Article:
I did not write out the complete Test (Test F?) because I personally thought it is not practical enough. I propose an alternative which is the link to make a bootable grub rescue disk.
I can write out the Test F if you want to test it out. But don't forget you will need to manually type in the full uuid of sda2 ("d4c943e7-6eb0-46ae-b85c-7327618dc754") 3 times at the linux line. . You don't have to for the uuid of decrypted sda2 ("bccdf1c7-d0f0-45ff-a0ab-df028a2c5d87") though.

There is really no need for us to continue, but if you want to test TEST F where you will need to manually input 3 times uuid of sda2 at the linux line, give a shout. :smile:. I suggest you try out the grub rescue cd and see if that boots. I think you may want to keep it as insurance. And if you change the kernel and haven't made a new rescue cd, you can manually (press 'e') just change the kernel and that should also boot. I can work with you if you have any questions on it. As said, I think that is more practical.

ps: I am still going through what 'regexp' (insmod regexp) can do if it can mine out sda2 uuid. i know about regexp in grub but so far all these while, I see no need to use it (probe -u is easier, for example). It was fun using it (detecting drives and partitions) but there are other practical and easier alternatives.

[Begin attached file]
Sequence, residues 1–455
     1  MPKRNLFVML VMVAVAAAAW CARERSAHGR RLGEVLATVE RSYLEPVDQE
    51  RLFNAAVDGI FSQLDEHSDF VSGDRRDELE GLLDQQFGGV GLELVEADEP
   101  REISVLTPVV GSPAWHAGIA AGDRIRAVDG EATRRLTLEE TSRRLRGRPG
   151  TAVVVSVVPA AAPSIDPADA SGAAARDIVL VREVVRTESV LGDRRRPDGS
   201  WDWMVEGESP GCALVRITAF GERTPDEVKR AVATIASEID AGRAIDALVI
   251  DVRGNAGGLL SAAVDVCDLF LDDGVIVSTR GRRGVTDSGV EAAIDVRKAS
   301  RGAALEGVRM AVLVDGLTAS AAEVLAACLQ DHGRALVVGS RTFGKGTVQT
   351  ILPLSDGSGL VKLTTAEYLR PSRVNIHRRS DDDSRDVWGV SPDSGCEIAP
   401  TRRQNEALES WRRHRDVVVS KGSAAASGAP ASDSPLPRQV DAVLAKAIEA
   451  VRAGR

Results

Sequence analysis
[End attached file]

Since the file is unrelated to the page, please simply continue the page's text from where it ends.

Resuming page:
Cheers!

[EDIT] - 15 secs? That's good! I was wondering about the long decrypt times. Shouldn't happen unless we (meaning I) mess up some grub commands. Great to hear.

I actually understood what test F should look like, so I already did it anyway. It was what I was reporting about. I don't quite understand why you say I should manually type it out three times, though. I just manually set abc=(UUID) instead of using the probe -u --set=abc-construct.
My point was that although it kind of starts to boot, it doesn't actually properly boot into Manjaro. Just like Test E.

Anyway, thanks for the help! Glad to have been of use testing.

And as for the decryption times, the 15 sec is fine for me. And that's even from a microSD card (so over USB). I imagine it should do even better if I were to install Manjaro on the NVMe SSD, which is obviously a faster drive.

Hey.. just a typo ...maybe
No parenthesis. Just

set abc=d4c943e7-6eb0-46ae-b85c-7327618dc754

no apostrophes, and no parenthesis.
But you have to make sure you typed correctly.

Oh...microSD card? There might be some problem using microSD card to boot. Some technical things about something. Some will work if inserted before starting with it inserted. Some have reported it won't either. But usb ports are fine. Some say using usb ports for microSD is still not fine. I don't know for sure now. Just a caution.

Just tried this, no luck. Same error.

Hehe, thought this was already clear. I guess there's just too many uncertainties in my current setup. :slight_smile:

Okay, noted. But I just used the same as in your original booting (I hope :rofl:) grub.cfg.